Gluten-free foods could increase risk of obesity, says researchers

The study found that gluten-free breads and biscuits contained more fatty acids than their gluten counterparts

Olivia Blair
Thursday 11 May 2017 10:33

A gluten-free diet is essential for people who have coealic disease or perhaps an allergy or intolerance. However, the diet has also risen in popularity among people who needn’t follow it.

Now, a new study has suggested that a gluten free diet can actually lead to obesity as gluten-free products actually contain a significantly higher energy content including more fatty acids and lipids than their gluten counterparts.

The study, which was presented at the European Society for Paediatric Gastroenterology Hepatology and Nutrition’s annual congress, studied over 1,300 products.

Among the products, they found gluten-free bread had significantly higher content of lipids, gluten free pasta had lower amounts of sugar and protein and gluten-free biscuits had a significantly lower content of protein and a higher content of lipids.

Researchers said that the imbalances in the study could have an impact on obesity, particularly in children, as well as their growth development.

Lead researcher Dr Joaquim Calvo Lerma said gluten free foods should be “reformulated” so that they have a similar nutritional make-up to their gluten counterparts.

“As more and more people are following a gluten-free diet to effectively manage coeliac disease, it is imperative that foods marketed as substitutes are reformulated to ensure that they truly do have similar nutritional values,” she said. “This is especially important for children, as a well-balanced diet is essential to healthy growth and development.”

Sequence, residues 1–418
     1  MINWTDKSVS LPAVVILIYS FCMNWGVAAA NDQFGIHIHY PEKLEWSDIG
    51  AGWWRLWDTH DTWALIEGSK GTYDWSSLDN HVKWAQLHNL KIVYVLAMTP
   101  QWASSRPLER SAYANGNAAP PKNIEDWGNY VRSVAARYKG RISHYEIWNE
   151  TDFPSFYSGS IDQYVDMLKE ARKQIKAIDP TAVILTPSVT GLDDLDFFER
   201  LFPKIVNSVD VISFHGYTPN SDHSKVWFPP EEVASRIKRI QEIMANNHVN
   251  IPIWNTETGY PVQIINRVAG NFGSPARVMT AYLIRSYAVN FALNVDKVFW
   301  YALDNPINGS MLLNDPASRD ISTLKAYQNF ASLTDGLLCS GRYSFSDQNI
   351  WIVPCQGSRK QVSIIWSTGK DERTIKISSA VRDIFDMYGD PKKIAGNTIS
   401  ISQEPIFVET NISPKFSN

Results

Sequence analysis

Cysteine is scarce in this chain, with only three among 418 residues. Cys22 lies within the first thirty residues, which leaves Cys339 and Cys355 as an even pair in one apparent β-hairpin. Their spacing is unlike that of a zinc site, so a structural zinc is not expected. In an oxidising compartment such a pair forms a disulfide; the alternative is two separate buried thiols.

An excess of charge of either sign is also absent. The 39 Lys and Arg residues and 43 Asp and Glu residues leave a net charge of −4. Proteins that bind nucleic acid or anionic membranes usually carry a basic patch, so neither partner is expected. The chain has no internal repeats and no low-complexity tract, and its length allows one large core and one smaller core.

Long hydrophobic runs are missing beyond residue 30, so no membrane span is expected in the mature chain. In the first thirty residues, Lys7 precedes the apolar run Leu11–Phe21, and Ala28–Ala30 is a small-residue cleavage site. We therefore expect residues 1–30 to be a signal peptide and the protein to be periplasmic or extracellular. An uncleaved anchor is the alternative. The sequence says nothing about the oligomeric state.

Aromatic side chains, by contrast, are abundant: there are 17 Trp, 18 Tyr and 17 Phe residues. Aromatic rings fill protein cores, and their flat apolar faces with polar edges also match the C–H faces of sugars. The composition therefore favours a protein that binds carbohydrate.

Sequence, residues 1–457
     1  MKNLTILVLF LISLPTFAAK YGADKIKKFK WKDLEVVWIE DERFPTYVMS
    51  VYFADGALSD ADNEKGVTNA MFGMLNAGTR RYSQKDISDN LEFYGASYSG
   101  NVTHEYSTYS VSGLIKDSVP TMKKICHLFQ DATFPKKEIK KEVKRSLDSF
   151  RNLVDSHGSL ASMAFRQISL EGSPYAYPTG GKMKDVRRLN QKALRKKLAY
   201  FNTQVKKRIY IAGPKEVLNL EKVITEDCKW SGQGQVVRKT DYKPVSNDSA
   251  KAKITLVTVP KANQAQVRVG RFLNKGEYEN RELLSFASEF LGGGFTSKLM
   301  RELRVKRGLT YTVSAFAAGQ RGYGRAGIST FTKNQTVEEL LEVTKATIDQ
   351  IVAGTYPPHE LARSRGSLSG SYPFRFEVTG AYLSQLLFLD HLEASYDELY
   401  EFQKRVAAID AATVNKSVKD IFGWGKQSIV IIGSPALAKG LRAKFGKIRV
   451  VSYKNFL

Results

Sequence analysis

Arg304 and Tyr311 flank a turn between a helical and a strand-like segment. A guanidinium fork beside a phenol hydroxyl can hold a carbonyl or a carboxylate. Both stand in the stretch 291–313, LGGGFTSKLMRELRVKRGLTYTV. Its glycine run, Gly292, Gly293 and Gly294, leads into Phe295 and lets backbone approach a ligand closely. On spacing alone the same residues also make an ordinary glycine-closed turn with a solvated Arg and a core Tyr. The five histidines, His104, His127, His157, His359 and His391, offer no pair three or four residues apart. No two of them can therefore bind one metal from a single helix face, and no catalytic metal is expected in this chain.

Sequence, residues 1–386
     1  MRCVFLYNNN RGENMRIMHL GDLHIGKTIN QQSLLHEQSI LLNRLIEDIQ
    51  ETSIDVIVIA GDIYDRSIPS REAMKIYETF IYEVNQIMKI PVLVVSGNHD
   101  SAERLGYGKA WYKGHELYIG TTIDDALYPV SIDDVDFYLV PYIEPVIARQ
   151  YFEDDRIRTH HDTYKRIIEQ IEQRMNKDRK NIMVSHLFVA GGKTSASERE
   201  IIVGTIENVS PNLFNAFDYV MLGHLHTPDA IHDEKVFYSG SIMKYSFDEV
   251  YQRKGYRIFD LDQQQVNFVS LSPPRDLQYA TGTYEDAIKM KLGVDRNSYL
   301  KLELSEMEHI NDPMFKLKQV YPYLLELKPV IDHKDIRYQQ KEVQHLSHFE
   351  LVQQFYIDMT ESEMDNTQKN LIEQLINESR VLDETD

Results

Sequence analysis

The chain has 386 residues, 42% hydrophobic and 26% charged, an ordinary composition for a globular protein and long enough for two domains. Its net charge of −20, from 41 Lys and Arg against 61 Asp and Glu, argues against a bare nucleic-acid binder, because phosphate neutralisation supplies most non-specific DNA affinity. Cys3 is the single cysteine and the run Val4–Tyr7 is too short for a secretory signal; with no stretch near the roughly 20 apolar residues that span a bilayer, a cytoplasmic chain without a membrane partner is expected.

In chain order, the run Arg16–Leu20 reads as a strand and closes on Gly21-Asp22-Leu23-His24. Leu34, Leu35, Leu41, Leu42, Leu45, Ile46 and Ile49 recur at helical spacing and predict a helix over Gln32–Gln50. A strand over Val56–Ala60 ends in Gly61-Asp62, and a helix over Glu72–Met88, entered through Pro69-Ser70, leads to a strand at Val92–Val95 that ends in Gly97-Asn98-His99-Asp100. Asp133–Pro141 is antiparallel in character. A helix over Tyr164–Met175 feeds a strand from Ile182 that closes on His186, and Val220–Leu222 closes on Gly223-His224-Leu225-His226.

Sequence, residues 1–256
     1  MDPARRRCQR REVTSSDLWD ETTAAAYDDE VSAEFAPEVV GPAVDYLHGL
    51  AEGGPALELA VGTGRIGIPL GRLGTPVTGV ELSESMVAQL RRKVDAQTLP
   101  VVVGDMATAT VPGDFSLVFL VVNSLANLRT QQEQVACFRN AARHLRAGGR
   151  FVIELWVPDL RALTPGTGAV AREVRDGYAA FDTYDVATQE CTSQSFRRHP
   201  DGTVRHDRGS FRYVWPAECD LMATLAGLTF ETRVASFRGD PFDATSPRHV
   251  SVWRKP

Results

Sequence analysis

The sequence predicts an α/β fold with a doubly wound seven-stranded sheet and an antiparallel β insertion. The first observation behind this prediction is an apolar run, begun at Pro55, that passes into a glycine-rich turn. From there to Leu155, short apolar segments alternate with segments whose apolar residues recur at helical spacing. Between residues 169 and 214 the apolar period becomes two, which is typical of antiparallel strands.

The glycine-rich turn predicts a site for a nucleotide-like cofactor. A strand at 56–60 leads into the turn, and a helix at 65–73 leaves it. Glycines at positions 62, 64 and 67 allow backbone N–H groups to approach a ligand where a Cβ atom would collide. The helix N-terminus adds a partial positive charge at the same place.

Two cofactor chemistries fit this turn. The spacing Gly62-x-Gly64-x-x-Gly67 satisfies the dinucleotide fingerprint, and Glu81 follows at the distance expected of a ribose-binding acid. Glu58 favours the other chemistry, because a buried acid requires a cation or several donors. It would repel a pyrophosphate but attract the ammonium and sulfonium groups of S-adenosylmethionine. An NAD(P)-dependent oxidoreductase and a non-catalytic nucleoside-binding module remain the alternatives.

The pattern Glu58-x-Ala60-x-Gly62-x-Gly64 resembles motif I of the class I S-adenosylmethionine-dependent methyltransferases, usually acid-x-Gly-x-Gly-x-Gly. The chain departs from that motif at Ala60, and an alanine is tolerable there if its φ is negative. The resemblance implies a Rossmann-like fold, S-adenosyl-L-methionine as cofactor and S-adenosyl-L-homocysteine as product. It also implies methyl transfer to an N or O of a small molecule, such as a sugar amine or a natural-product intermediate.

Coealiac disease is an auto immune digestive condition where the small intestine becomes inflamed and cannot absorb nutrients. It is caused by an adverse reaction to gluten and symptoms include diarrhoea, abdominal pain and bloating. People with the condition have to follow a gluten-free diet in order to manage their symptoms and prevent long-term consequences of the condition.

However, over the past few years many people who do not have the disease – or even an intolerance to gluten – have followed it as part of the ‘wellness’ craze.

The researchers called for more thorough labelling of gluten-free foods so that people, and parents, know the nutritional content of the foods in greater detail.


“Where nutritional values of gluten-free products do vary significantly from their gluten-containing counterparts, labelling needs to clearly indicate this,” fellow lead researcher Dr Martinez-Barona said. “Consumers should also be provided with guidance to enhance their understanding of the nutritional compositions of products to allow them to make more informed purchases and ensure a healthier diet is followed.“

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